How all four stack up
None of the four teams have a negative turnover ratio, none of them are dome teams and none of them have a losing record against this year's 12 playoff teams. Denver is 4-3 against playoff teams but their scoring average drops from 38 points a game to 28 points a game. The Patriots are 3-2 against playoff teams and only have a slight drop off from 28 points a game to 26 against playoff teams. Seattle drops from 26 points to 24 points when playing playoff teams but the Seahawks maintained their stingy defensive ways giving up just 14 points a game vs. playoff teams. San Francisco is the only team that has a 'yellow' caution flag, going 4-4 against playoff teams. All year they averaged 25 points a game but in the eight games against playoff teams they averaged 17 points a game while giving up 21 points per game. As you can see, scoring drops in games like this weekend even for the best of offenses.
More key stats
San Francisco is on its fourth straight road game but is on an eight-game winning streak. The Seahawks had 13 pass interference calls against them in the regular season, tied with Oakland for the most. Frank Gore has one touchdown against Seattle in his last six games. Marshawn Lynch has seven touchdowns in his last six games against San Francisco. New England has a 4-4 road record this year and has gone 2-4 in its last six road games. In the last three games the Patriots have averaged 39 points a game while giving up just 16 points per game and they have averaged 33 minutes of time of possession. Wes Welker has the most drops of the Broncos receivers with 10, and the guy with the least is Julius Thomas with two and he didn't play against New England the first time. Peyton Manning only threw for 150 yards in his regular season game against New England even though he called 38 pass plays. It was his lowest output in a game since 2008.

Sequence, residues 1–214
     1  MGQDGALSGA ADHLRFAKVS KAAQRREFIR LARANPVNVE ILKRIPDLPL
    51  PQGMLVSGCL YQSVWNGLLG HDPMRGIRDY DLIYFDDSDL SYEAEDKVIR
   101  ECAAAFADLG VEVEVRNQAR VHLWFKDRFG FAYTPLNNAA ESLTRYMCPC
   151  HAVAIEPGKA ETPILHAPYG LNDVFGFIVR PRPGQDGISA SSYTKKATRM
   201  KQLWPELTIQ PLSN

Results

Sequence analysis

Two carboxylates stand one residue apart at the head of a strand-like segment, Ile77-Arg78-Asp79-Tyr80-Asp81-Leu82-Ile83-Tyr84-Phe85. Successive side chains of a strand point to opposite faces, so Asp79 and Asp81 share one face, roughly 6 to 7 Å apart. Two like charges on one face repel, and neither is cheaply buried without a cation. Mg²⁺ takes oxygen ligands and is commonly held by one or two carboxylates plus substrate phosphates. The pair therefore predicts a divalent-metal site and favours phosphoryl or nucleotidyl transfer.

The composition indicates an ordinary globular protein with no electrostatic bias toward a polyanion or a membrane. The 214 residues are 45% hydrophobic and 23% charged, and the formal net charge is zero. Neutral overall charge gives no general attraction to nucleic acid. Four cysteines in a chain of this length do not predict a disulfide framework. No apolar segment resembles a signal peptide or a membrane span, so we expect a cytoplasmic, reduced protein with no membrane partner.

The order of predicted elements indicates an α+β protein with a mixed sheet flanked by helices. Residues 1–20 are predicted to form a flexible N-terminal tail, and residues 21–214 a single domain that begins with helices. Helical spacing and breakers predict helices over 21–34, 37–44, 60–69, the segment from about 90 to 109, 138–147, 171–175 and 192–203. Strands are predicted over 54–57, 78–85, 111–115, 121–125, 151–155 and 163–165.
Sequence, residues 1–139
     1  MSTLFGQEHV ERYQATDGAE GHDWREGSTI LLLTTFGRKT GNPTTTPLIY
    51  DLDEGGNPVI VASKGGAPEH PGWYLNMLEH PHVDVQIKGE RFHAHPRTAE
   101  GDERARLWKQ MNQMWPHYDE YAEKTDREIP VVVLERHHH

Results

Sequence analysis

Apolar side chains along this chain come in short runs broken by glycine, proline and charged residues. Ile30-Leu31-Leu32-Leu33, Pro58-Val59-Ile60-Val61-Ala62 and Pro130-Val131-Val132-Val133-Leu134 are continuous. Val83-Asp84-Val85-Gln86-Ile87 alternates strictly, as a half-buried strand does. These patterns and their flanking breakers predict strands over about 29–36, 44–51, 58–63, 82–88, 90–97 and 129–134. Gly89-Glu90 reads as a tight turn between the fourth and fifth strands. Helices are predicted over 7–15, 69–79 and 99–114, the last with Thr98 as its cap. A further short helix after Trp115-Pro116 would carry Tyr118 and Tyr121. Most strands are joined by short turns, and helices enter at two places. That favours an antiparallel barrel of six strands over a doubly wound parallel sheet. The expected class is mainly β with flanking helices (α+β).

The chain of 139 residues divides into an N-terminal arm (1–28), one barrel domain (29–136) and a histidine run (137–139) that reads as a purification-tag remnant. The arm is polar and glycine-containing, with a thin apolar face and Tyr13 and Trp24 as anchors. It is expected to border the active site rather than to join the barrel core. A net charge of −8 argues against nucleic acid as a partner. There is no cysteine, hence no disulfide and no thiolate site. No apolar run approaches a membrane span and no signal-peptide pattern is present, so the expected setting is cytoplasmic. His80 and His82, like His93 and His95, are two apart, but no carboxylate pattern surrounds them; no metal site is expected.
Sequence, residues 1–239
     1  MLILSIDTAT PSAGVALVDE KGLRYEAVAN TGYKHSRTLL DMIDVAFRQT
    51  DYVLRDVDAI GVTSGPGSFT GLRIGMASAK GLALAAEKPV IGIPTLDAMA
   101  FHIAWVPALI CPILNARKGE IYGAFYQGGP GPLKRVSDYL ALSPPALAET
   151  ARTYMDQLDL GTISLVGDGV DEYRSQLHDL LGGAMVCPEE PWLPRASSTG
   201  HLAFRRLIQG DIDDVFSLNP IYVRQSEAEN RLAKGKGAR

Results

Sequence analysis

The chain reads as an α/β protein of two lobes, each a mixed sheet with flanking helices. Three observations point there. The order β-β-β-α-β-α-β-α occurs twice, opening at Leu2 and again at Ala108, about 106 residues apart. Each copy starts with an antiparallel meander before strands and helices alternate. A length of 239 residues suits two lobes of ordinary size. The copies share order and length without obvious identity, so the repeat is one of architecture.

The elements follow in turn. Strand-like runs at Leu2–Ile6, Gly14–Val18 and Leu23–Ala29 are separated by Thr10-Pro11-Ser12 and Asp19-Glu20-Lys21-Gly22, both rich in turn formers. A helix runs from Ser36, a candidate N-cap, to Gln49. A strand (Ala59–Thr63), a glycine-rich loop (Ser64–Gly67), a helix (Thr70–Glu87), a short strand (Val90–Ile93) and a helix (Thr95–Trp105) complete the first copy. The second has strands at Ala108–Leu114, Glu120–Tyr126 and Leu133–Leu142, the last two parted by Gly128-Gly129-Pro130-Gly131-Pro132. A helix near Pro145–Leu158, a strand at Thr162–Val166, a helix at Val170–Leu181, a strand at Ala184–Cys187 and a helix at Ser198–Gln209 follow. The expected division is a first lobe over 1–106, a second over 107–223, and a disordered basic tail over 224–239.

Don't expect many flags
In the conference round last year there were 15 penalties called in the two games (7.5 per game). Some people will say the best teams don't get penalized and that's why the number was low but it sure looks like the officials don't want to decide these games with a flag. During the regular season only the Patriots avoided the penalty flags. When it comes to avoiding penalties, Seattle ranks dead last in the NFL, followed by Denver (29), San Francisco (21) and New England (2). As a group these four teams averaged 7.4 penalties each per game which equates to 15 penalties per game between the two teams. Logically that means there should be 30 penalties called on Sunday in the two games. I'll bet it's a lot lower than that when the final gun goes off.